May 14th, 2021

Security doors won’t change lock policy in Bow Island

By Gillian Slade on September 28, 2018.

The additional internal security doors being installed at Bow Island Health Centre will not change the policy to lock the entrance after 5 p.m.--FILE PHOTO 

The additional internal security doors being installed at Bow Island Health Centre will not affect the policy to lock the entrance after 5 p.m., Alberta Health Services says.

“They will remain locked as per our previous communication,” Grant Walker, senior operating officer at Medicine Hat Regional Hospital, said Thursday.

When the News revealed in an Aug. 2 story that Bow Island’s hospital had begun locking its doors after 5 p.m., an AHS spokesperson said new doors would be installed by December to secure the emergency department from public areas.

“Once these upgrades have been made, AHS will re-evaluate the time it locks its doors,” an emailed statement said.

The additional doors will only enhance control within the emergency department, said Walker.

“It is not going to impact or enable the external doors to be unlocked,” he explained.

The cost of the doors, updating sprinklers and relocating cameras is approximately $75,000, an AHS spokesperson said. This will also allow for the control of entrances from the nursing station and admitting desk after 5 p.m.

A Bow Island resident revealed at Monday’s Palliser Triangle Health Advisory Council meeting on Monday that someone had arrived in an emergency at the locked doors with a seriously ill patient and struggled to gain access.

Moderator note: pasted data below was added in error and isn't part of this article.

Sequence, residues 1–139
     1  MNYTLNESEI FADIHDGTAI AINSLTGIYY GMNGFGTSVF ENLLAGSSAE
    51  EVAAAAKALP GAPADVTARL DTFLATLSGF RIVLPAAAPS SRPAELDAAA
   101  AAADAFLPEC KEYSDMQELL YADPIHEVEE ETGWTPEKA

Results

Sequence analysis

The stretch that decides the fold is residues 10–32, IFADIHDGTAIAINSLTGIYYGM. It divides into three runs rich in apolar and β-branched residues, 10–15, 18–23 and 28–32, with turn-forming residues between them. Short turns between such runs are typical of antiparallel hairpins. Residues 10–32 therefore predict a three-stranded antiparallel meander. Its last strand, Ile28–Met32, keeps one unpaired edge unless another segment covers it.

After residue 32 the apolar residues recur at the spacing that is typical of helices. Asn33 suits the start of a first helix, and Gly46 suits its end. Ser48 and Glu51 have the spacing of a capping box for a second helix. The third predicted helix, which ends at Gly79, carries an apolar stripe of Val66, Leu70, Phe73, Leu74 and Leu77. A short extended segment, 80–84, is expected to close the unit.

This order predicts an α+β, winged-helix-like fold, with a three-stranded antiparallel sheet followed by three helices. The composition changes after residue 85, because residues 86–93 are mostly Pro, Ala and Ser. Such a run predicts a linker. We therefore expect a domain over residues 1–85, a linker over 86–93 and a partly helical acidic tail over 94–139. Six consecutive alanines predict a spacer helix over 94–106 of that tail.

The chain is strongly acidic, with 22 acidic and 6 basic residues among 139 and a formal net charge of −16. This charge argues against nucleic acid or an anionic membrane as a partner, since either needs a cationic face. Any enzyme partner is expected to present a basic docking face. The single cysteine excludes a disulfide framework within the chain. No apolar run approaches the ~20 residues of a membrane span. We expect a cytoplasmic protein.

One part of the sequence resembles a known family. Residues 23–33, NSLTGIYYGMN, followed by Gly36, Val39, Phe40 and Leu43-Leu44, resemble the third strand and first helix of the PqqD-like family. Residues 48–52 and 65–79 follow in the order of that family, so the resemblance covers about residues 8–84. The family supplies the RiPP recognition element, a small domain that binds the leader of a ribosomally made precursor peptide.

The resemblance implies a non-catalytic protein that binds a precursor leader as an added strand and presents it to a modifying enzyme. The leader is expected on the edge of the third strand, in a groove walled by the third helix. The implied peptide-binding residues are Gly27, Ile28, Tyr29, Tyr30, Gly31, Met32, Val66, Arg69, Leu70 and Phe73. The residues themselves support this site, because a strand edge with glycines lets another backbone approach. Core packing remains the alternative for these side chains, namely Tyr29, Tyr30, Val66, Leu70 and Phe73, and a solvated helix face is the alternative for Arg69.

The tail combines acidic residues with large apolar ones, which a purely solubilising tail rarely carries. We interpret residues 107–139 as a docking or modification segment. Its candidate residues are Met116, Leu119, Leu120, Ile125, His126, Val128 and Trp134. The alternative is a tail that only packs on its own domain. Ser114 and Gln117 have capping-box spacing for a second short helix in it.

Former council chair Ken Sauer claimed that AHS is spending millions on addressing opioid issues while other things are falling apart.

“This is a serious situation in Bow Island,” he said.

All patients should have equal access to services, said PTHAC member Sara Joan Armour.

Ambulance crews do not enter through the doors that lock after 5 p.m. When they pull up to the emergency entrance the door automatically lifts to allow them to drive in, said Walker. Signage indicates the public may also enter there in an emergency.

Walker says he does not believe the idea of posting a security guard at the main entrance after 5 p.m. was considered as a solution, and it is not being considered now, because it has not been identified as a requirement.

Another irritant, according to a woman whose mother is in long-term care at the hospital, is that windows can no longer be opened. Sylvia Strom says the windows have been fixed in place with screws.

Walker said the primary reason for this was safety for patients and maintaining climate control.

Renovations to the hospital included enhancing cooling and heating systems, said Walker. Opening external windows compromises that.

Strom as well noted difficulty certain patients and family members have leaving the building. It requires pushing on the handicap button. In an emergency, the doors can be forced open by pressing a shoulder to them, said Walker. AHS has plans to enhance signage.

Several families with loved ones in long-term care referred at the PTHAC meeting to reduced staff, which may be putting patients at risk.

Walker says there has been no reduction in the Bow Island hospital budget and no cuts to staffing levels. In the long-term care area, staffing levels are higher than the provincial guideline, he said.

“We have made some changes recently to staff rotations to align with the collective agreement and that may have contributed to some of the comments,” said Walker. “Staffing levels have not changed. Their hours may have.”

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